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Graydon Carter Tells You Exactly Where You Want to Sit at Monkey Bar

In a piece that finds Allen Salkin riding along with Graydon Carter during the twenty minutes per day that he draws up the seating charts at the Waverly Inn and Monkey Bar, the Times finally answers the question: How exclusive is Monkey Bar, anyway? Turns out, 90 percent of reservations are made through the partners' offices, and they switched from a reservations phone number to an e-mail just so it would be easier to tell people no. While wielding an all-powerful pink pencil that can make or break men, Graybee also reveals the dining-room lingo, and though he doesn’t say anything about “Siberia,” he does give us this: “the pit.”

Afterward, he expounded on his general philosophy for seating the restaurant. A sunken area in the center of the dining room that you see when entering is known as “the pit.” It is important to have “young, attractive people” at the first of two round tables in the pit, Mr. Carter said. “It gives a certain energy.”

Pointing to the two tables on an elevated area to the right side of the room, he said these were for people looking for a quiet meal.

On the opposite side of the room are four nice booths. “This is fashion and literary and young,” he said. That night, Cynthia McFadden of ABC news; Liz Smith, the gossip columnist; and Marjorie Gubelmann, a socialite, were in those booths.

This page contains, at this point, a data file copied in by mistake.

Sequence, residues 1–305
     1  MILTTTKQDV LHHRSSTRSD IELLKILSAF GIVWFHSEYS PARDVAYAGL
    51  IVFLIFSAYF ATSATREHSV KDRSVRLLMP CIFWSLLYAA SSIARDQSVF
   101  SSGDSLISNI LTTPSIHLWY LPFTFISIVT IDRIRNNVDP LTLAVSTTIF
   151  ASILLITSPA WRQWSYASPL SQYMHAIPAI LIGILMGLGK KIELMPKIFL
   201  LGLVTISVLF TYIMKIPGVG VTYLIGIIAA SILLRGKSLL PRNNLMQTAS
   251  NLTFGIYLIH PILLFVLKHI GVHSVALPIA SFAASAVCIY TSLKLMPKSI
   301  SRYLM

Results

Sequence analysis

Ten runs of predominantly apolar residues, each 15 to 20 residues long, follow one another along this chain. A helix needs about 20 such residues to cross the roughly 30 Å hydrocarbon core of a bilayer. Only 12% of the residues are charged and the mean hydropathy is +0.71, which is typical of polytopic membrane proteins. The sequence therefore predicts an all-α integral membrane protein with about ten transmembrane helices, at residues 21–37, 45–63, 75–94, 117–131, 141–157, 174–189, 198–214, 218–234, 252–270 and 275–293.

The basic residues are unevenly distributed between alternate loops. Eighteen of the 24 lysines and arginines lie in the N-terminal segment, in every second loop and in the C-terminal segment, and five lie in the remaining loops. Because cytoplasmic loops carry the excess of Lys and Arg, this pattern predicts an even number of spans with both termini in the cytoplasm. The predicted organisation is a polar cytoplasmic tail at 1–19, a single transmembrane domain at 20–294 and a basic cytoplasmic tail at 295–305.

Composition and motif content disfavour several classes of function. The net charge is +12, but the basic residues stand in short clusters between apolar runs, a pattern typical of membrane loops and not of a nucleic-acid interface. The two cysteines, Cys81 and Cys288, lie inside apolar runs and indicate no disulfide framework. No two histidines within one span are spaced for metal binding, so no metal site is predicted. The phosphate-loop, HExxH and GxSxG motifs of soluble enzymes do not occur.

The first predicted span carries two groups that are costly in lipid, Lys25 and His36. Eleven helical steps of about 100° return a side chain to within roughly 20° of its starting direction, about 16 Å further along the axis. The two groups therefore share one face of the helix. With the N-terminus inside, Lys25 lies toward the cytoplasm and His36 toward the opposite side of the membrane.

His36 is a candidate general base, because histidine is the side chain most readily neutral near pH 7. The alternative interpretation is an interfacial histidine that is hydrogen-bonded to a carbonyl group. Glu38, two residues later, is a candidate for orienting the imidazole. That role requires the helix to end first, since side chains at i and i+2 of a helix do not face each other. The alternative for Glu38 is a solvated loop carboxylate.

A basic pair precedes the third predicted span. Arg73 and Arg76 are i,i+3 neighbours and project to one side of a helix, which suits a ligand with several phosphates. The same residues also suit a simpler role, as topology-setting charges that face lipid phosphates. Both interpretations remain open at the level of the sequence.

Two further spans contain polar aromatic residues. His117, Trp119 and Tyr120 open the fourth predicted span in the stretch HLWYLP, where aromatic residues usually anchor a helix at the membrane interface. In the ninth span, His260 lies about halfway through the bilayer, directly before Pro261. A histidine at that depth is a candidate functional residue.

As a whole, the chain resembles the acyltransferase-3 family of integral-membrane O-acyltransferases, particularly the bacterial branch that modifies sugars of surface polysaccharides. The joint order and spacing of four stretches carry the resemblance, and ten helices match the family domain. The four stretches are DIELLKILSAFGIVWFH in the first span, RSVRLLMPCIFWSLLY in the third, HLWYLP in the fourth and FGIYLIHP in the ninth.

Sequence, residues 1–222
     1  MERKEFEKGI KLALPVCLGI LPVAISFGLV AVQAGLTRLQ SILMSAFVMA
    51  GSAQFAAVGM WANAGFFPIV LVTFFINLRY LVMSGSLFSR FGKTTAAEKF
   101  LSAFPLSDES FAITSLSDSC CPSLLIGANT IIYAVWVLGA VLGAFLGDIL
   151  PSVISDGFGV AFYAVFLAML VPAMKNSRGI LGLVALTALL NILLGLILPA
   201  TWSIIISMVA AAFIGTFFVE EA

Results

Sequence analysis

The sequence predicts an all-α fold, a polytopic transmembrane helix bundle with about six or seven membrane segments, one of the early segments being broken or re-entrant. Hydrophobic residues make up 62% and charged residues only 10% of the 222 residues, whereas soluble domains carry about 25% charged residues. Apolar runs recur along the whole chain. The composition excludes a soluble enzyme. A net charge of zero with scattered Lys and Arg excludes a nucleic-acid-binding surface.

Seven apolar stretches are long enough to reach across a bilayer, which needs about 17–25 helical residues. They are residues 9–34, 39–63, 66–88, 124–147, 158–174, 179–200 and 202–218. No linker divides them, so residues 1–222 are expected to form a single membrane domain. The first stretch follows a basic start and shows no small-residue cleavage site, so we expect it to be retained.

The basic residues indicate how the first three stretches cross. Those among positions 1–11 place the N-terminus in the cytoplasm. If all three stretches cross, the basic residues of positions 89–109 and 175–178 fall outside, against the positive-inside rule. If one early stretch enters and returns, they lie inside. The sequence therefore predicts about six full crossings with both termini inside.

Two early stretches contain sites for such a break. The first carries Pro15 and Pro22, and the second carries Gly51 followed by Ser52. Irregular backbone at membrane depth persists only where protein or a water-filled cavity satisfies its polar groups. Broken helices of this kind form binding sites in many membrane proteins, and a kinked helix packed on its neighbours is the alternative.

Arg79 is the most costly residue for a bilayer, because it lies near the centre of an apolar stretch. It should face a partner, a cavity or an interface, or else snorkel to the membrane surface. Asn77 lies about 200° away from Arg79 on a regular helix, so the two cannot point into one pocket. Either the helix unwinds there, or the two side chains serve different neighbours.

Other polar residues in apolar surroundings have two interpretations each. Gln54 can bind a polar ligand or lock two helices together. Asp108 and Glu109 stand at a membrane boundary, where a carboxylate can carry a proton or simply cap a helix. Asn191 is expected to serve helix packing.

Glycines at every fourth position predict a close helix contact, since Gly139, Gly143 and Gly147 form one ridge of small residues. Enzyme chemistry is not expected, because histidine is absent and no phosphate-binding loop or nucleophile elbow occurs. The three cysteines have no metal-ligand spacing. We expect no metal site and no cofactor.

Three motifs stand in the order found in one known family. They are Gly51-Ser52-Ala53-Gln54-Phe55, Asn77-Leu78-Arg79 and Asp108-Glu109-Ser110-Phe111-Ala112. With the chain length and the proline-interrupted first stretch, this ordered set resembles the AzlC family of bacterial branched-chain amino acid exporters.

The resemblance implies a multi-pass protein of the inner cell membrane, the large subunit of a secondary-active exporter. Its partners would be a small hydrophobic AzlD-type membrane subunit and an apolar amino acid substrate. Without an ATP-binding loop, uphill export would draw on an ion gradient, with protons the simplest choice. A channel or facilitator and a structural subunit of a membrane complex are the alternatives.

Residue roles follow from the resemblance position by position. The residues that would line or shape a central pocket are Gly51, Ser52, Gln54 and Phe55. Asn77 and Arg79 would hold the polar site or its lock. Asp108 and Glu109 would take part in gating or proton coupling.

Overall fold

Elevated over the pit opposite the entrance are a line of banquettes, which that night included a group of 20 or so guests of the socialite Jennifer Creel who were celebrating her debut as a designer of sunglasses sold at Bergdorf Goodman.

And behind them was the most-prime real estate, a line of booths on the back wall overlooking the whole scene. “This is young and media moguls,” Mr. Carter said, pointing to the booths, “and sort of single-name people.” On that night, Calvin Klein, Rupert Everett, Prince Andrew, Ron Perelman and Louise Grunwald were in those booths. When Madonna comes in, she gets a back booth.

So how do you make sure you get a prime table? For one thing, be careful not to “oversocialize” or you’ll be zapped with 50,000 volts of electricity next time you won’t be seated “near anyone to socialize with.” Ah, so there is a Siberia! But where? Actually, the question is: Having already gone through all this with the Waverly, do we really care?

Oh! And best part: One of the celebrities name-checked is John Stamos. That’s right — Uncle Jesse.

Many Called, But Few Were Seated [NYT]

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